Win tickets to the The Map to Paradise independent film screening in Nelson Bay on March 22

Port Stephens has been selected as part of a regional screening tour to show an independent film that charts the birth of the global movement to protect the sea.

Directors Danielle Ryan and James Sherwood said the aim of their film, called The Map to Paradise, was to challenge the narrative of hard-hitting environmental documentaries which often carried a 'doom and gloom' message and replace it with one of hope and courage.

"Rather than focusing on the ‘doom and gloom’ narrative, we’ve created a story focused on positive engagement of hearts and minds. It’s about changing the cultural narrative," Ms Ryan said.

"Countries around the world are currently looking to re-map, re-zone and re-write the rules on a global and local scale - an exciting new protection paradigm for nature in an age where humans are the primary cause of a massive loss of species.

"The solutions are there and they are proven to work, but we aren’t embracing them on a large enough scale. And we have to ask ‘Why?’."

The cast of the film includes renowned ocean figure-heads such as Prince Albert II of Monaco, President of Palau Tommy Remengesau, Sea Shepherd’s founder Captain Paul Watson, National Geographic explorer Enric Sala and other leading marine scientists.

Multi award-winning actor and activist Martin Sheen joined the team as executive producer after seeing the documentary in the 2019 Santa Barbara Film Festival line-up.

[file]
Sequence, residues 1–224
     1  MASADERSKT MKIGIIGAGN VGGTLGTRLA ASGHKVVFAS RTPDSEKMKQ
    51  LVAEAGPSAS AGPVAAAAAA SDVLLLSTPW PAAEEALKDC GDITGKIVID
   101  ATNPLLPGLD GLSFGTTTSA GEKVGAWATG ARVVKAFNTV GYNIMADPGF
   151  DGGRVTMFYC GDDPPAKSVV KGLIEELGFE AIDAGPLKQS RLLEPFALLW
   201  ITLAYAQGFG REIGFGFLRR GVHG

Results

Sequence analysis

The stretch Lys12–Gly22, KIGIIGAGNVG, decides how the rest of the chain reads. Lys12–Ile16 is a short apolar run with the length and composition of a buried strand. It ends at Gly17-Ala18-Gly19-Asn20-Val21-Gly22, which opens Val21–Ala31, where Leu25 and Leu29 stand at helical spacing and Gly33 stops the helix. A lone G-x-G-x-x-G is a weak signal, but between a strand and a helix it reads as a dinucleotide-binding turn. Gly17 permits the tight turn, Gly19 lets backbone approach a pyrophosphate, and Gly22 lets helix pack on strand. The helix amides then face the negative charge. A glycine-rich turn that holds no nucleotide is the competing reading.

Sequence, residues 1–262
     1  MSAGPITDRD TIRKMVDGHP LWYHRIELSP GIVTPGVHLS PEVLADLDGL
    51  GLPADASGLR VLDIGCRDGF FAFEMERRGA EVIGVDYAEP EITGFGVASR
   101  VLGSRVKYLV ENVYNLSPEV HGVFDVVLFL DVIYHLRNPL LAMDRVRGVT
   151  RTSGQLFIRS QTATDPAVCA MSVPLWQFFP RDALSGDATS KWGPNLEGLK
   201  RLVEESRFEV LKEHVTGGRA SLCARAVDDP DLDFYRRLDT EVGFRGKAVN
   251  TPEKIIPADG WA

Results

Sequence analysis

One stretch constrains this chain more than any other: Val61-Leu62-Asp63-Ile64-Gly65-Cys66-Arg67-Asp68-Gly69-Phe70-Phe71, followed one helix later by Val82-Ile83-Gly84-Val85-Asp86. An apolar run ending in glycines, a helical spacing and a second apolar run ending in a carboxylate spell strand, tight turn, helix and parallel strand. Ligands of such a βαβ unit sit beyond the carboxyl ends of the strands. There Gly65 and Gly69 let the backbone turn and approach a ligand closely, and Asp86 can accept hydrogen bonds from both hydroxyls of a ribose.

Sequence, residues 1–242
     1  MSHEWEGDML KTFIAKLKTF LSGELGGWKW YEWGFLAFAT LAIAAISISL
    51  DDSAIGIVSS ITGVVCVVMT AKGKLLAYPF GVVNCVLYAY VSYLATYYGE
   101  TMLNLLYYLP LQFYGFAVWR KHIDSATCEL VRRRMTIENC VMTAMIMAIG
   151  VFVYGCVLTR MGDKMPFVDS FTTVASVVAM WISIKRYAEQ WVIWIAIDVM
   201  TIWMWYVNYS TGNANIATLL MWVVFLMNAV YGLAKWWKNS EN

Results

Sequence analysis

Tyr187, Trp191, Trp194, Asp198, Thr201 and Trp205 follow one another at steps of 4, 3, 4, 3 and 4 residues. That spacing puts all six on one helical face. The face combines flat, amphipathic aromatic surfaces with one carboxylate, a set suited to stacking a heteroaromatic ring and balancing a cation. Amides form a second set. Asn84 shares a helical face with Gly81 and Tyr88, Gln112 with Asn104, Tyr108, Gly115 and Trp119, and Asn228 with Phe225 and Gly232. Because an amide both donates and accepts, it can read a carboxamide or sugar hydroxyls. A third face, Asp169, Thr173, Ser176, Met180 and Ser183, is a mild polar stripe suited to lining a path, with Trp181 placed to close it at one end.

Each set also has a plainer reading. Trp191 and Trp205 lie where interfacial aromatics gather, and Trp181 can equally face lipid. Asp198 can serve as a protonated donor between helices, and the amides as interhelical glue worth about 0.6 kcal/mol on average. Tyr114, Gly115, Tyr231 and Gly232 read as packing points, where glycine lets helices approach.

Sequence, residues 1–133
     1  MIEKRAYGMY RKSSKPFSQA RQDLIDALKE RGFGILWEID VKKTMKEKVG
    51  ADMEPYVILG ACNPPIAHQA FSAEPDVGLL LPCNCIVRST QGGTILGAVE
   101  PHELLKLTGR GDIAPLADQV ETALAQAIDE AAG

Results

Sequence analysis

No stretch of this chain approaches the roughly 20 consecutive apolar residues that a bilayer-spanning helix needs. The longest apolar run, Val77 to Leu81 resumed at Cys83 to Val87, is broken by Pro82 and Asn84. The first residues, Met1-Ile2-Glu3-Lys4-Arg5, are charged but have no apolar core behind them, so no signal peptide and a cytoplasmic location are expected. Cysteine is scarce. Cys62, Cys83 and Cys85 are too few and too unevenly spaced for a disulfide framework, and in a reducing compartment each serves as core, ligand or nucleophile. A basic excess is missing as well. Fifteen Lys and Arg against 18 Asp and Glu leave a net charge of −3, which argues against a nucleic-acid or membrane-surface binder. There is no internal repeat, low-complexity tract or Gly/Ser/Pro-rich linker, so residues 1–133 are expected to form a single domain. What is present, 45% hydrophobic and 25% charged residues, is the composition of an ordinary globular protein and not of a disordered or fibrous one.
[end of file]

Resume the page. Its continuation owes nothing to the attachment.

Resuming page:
Ms Ryan and Mr Sherwood, who are Sydney-based, travelled the globe for three years on a shoe-string budget in search of "exceptional ocean conservation heroes" to tell The Map to Paradise story.

Director Danielle Ryan underwater filming for The Map to Paradise: Picture: Bluebottle Films

Director Danielle Ryan underwater filming for The Map to Paradise: Picture: Bluebottle Films

Their travels took them to Antarctica, the Phillipines, Palau, Australia, the United States and Europe.

"If you have ever dipped your head underwater in a marine sanctuary, in an area such as on the Great Barrier Reef, you will marvel at how much fish life there is inside the sanctuary compared to where there is no protection at all," Ms Ryan said.

“This makes the quest to protect the sea a beautiful subject to explore from the perspective of a documentary-maker, because at the end of the journey, there can be wondrous results - if we do it right.”

The film mixes land and underwater cinematography with colourful, character-driven stories and hand-rendered animation.

Two green sea turtles at the Great Barrier Reef, featured in The Map to Paradise. Picture: Bluebottle Films

Two green sea turtles at the Great Barrier Reef, featured in The Map to Paradise. Picture: Bluebottle Films

TheMap to Paradise will screen at Nelson Bay Cinema on Friday, March 22 from 7pm. Tickets, available from tickettailor.com, cost $25. Seating is limited.

Following the screening there will be a question and answer session with the directors.

The directors have invited Port Stephens divers, surfers and other marine-related people to attend the screening.

The Examiner has one double pass (two tickets) to give away to the Nelson Bay screening of The Map to Paradise.

To win this pass, send your name and contact number in an email titled "Paradise" to portstephens@fairfaxmedia.com.au. The winner will be notified by 5pm on Monday, March 17.

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